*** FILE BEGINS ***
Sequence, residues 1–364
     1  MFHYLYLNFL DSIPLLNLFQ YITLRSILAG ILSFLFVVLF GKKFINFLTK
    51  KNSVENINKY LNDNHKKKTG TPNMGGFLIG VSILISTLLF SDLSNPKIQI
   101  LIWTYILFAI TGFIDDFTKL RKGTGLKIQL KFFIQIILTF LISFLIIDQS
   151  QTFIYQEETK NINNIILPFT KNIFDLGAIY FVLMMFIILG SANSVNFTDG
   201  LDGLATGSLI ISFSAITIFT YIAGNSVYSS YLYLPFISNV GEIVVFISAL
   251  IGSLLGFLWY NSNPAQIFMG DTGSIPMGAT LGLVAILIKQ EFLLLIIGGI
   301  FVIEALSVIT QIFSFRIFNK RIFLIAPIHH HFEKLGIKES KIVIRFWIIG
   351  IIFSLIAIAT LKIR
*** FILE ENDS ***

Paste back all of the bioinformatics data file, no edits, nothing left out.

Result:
Sequence, residues 1–364
     1  MFHYLYLNFL DSIPLLNLFQ YITLRSILAG ILSFLFVVLF GKKFINFLTK
    51  KNSVENINKY LNDNHKKKTG TPNMGGFLIG VSILISTLLF SDLSNPKIQI
   101  LIWTYILFAI TGFIDDFTKL RKGTGLKIQL KFFIQIILTF LISFLIIDQS
   151  QTFIYQEETK NINNIILPFT KNIFDLGAIY FVLMMFIILG SANSVNFTDG
   201  LDGLATGSLI ISFSAITIFT YIAGNSVYSS YLYLPFISNV GEIVVFISAL
   251  IGSLLGFLWY NSNPAQIFMG DTGSIPMGAT LGLVAILIKQ EFLLLIIGGI
   301  FVIEALSVIT QIFSFRIFNK RIFLIAPIHH HFEKLGIKES KIVIRFWIIG
   351  IIFSLIAIAT LKIR